ICNIRP/WHO/BfS International Workshop on
Risk Factors for Childhood Leukemia
Berlin, Germany, 5-7 May 2008
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----> ICNIRP/WHO/BfS Workshop on Risk Factors for Childhood Leukemia, Berlin, 5-7 May 2008, Proceedings published and available online at Radiation Protection Dosimetry 132(2); Dec 2008.

The increased incidence of childhood leukemia observed in epidemiological studies at low-level magnetic fields or near nuclear facilities is puzzling experts in radiation protection. The findings will be considered in the light of other possible risk factors and of new data on the complex origin of childhood leukemia in the upcoming workshop on “Risk Factors for Childhood Leukemia”.

The international workshop, called by the International Commission on Non-Ionizing Radiation Protection, ICNIRP, the World Health Organization, WHO, and the German Federal Office for Radiation Protection, BfS, was held in Berlin, Germany, May 5 to 7, 2008.

Proceedings of the ICNIRP/WHO/BfS Workshop, Berlin 5-7 May 2008, published at Radiation Protection Dosimetry. ----> online papers.

Participants and speakers at the Workshop may have access to the restricted area by contacting us at info@icnirp.org.

Scope of the Workshop

Childhood leukemia is a heterogeneous disease and the most common malignancy in children accounting for around one third of all childhood cancer cases below the age of 15 years. The causes of most leukemias are still unknown, but both genetic and environmental factors have been implicated in the aetiology of the disease.

Ionizing radiation is regarded as an established environmental risk factor, found in epidemiological studies and confirmed by experimental data. At the same time data on an increased incidence of childhood leukemia near nuclear facilities are puzzling experts, because the exposures in relation to the case numbers are too low to be considered causal.

Non-ionizing radiation has been studied as a possible risk factor since more than 30 years. No carcinogenic potential of low-level fields (levels below ICNIRP recommendations) has been revealed in experimental studies. However, a consistent pattern of a two-fold increase in childhood leukemia is observed in epidemiological studies associated with average exposure to residential low-frequency magnetic fields above 0,3-0,4 µT. The epidemiological evidence is weakened by methodological limitations and no accepted or even plausible biophysical mechanism challenging the crucial question of causal relationship are currently available.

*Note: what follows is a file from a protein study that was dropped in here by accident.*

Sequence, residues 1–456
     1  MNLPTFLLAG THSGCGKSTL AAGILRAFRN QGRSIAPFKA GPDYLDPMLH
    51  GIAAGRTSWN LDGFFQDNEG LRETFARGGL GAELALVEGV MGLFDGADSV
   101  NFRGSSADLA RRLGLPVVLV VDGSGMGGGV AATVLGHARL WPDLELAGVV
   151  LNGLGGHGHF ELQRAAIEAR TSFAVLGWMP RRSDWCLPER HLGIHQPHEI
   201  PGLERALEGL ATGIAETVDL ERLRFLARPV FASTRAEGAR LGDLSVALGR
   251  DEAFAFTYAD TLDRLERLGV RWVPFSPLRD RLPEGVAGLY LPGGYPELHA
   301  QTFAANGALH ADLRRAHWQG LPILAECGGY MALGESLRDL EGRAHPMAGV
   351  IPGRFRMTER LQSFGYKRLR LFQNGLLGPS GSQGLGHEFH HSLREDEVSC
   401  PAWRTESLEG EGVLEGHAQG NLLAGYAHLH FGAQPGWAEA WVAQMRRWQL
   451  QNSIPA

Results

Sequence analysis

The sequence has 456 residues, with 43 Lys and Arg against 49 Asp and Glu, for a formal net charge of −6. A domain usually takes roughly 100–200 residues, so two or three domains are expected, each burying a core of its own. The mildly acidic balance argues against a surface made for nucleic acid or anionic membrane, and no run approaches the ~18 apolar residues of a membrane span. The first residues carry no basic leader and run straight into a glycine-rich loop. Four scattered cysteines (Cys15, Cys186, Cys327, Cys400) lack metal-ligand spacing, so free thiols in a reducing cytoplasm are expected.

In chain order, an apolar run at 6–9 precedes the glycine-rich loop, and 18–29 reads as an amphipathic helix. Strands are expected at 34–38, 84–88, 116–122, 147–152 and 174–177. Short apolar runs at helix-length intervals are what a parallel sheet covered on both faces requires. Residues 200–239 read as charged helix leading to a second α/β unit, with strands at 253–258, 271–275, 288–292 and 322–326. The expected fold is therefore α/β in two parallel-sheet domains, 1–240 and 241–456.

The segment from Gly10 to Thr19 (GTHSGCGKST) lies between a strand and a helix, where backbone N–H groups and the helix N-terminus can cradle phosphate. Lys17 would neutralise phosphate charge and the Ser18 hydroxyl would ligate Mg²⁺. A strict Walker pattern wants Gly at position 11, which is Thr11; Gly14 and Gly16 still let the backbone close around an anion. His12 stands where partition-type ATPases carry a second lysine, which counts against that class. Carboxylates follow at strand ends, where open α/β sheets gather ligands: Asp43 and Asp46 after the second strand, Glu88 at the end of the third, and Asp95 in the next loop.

The apparent inconsistencies between empirical findings and the lack of supportive experimental data have to be considered in the light of other possible risk factors and of new data on the complex origin of childhood leukemia. A number of recent studies supports the hypothesis that initiation of the disease arises prenatally and that exposures before birth or early in life and/or an abnormal immune response play an important role in its further manifestation.

The international workshop will bring together experts from different disciplines and backgrounds in order to summarize the current knowledge on all known risk factors and the recent hypothesis on the aetiology of childhood leukemia. The workshop is intended to help the organizers and other experts in radiation protection to assess the statistical associations observed frequently or consistently at low dose/low level areas in epidemiological studies.